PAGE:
LOS ANGELES (AP) — From his electric opening-round 62 to his neon-orange Sunday ensemble, Rickie Fowler showed off just about everything during the 123rd U.S. Open that once made him one of the most compelling figures in golf.
Unfortunately, that also included another painful fade from title contention after he took a share of the lead into the last round.
Fowler stumbled to a 75 Sunday, finishing in a three-way tie for fifth at Los Angeles Country Club. After 18 holes alongside eventual champion Wyndham Clark, Fowler ended up five shots back with the worst final round among the top 19 finishers.
To be sure, there was a significant bright side to Fowler’s week, and the veteran chose to focus on that after warmly congratulating his Sunday playing partner.
“After the last few years, being in this position, how comfortable I felt this week, this is great,” Fowler said. “As much as it sucks to not be in the position I wanted to be after today, we’re just continuing to build and continuing to move forward. Not the finish I wanted, but there’s a lot of really good things to take from this week.”
Indeed, Fowler capped his comeback from several years of disappointing play with his best result at a major since his runner-up finish at the 2018 Masters. He even set a U.S. Open record with 23 birdies over his four rounds at LACC, playing phenomenal golf for long stretches.
But after taking at least a share of the lead into each of the final three rounds and matching up with the untested Clark on Sunday, Fowler will know he let the opportunity of a lifetime slip away in his native Southern California. Fowler has played in the final group three times in a major, but has yet to claim a trophy.
“I just didn’t have it today,” Fowler said. “Iron play was very below average, and didn’t make any (putts). That’s a big thing in majors, especially on a Sunday, making putts and keeping it fairly stress-free. It was kind of the opposite. I was fighting through it all day.”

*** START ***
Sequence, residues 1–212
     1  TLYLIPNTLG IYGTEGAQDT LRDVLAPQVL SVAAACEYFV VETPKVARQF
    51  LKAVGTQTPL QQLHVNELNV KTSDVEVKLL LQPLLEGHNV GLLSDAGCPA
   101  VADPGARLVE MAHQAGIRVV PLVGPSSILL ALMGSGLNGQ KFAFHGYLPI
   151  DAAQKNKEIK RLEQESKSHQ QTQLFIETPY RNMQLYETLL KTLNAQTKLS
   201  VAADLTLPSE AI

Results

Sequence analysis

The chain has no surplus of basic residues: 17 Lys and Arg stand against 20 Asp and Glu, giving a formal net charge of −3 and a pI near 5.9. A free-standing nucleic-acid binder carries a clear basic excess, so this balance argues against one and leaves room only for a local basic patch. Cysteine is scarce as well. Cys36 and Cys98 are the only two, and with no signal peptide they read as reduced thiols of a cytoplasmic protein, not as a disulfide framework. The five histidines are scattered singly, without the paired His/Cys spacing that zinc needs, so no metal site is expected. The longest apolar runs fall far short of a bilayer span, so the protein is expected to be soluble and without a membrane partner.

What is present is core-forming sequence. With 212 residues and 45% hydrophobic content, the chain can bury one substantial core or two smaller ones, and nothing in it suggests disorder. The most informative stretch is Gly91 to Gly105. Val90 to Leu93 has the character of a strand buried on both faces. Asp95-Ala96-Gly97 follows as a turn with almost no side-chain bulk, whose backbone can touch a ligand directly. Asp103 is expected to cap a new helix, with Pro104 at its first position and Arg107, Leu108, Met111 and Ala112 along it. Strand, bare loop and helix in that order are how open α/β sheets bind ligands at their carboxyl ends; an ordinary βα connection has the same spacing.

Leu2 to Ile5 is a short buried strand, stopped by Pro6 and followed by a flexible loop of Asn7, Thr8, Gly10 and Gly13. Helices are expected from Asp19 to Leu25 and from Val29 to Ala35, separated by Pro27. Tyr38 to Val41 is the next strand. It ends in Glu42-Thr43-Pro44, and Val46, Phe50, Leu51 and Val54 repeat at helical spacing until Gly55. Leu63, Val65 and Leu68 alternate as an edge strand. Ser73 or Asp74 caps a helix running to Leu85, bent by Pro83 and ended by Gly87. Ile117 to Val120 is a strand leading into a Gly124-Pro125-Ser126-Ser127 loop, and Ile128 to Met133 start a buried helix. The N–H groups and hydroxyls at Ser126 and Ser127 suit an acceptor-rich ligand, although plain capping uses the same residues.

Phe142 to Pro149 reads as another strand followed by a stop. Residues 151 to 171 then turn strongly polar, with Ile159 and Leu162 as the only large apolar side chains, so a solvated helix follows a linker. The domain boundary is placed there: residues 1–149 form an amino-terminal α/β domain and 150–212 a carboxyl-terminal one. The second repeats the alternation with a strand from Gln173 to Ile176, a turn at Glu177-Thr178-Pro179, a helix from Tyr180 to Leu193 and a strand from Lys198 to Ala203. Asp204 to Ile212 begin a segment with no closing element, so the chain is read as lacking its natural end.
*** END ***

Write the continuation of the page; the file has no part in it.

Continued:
Clark also posted his worst score of the tournament Sunday, and he was available to be caught while he steadily persevered to an even-par 70.
Runner-up Rory McIlroy shot even par with no birdies on his final 17 holes, never making the move many expected from the superstar.
But Fowler made three bogeys on his first seven holes, and he made four more bogeys on the back nine. Everything betrayed him at different times: his driver, his irons, his short game and his putter.
Fowler dropped back to 6 under when his drive on the 12th landed in a hole in the rough and he missed a tough 12-foot putt. He still broke Brendan Steele’s 2017 U.S. Open record for birdies with his 23rd of the week on the 14th, but he missed a 24th birdie by an inch on the 15th, running his putt just right of the hole.
“I thought if I could make that putt on (15), which I nearly did, I thought that might kind of give me a shot to get a two-shot swing and maybe make a run in the last three (holes),” Fowler said. “No, I knew I was on the outside looking in. But at the same time, you never know what’s going to happen. It’s tough to close out a major.”
He finished with one final bogey on the 18th, hitting his approach into the rough just off the green before leaving a 14-foot putt 6 inches short while the large gallery waited to celebrate Clark.
Fowler was gracious in Clark’s big moment, hugging his playing partner and telling Clark his late mother would have been proud. He’s still waiting for his own chance to celebrate a major with family and friends — and he had a legion in the galleries at LACC, 90 minutes from his native Murrieta.
But Fowler still has never won a major, and his only win anywhere since early 2017 was at the 2019 Phoenix Open. Fowler’s game isn’t all the way back, but he’s also a new father with an improved perspective on the game — and he made plenty of friends in Los Angeles by staying late to sign autographs after his rounds.
The Open is another sign of revitalization for the player once thought to be the future of the sport. Starting at Torrey Pines in January, he has nine top-15 finishes in his last 12 tournaments, including three straight top 10s as he heads to the Travelers Championship in Connecticut next week.
“I definitely think we’re heading the right direction,” Fowler said. “It’s been nice to be back and have chances in tournaments, or at least getting solid finishes. We had a lot of good stuff this week.”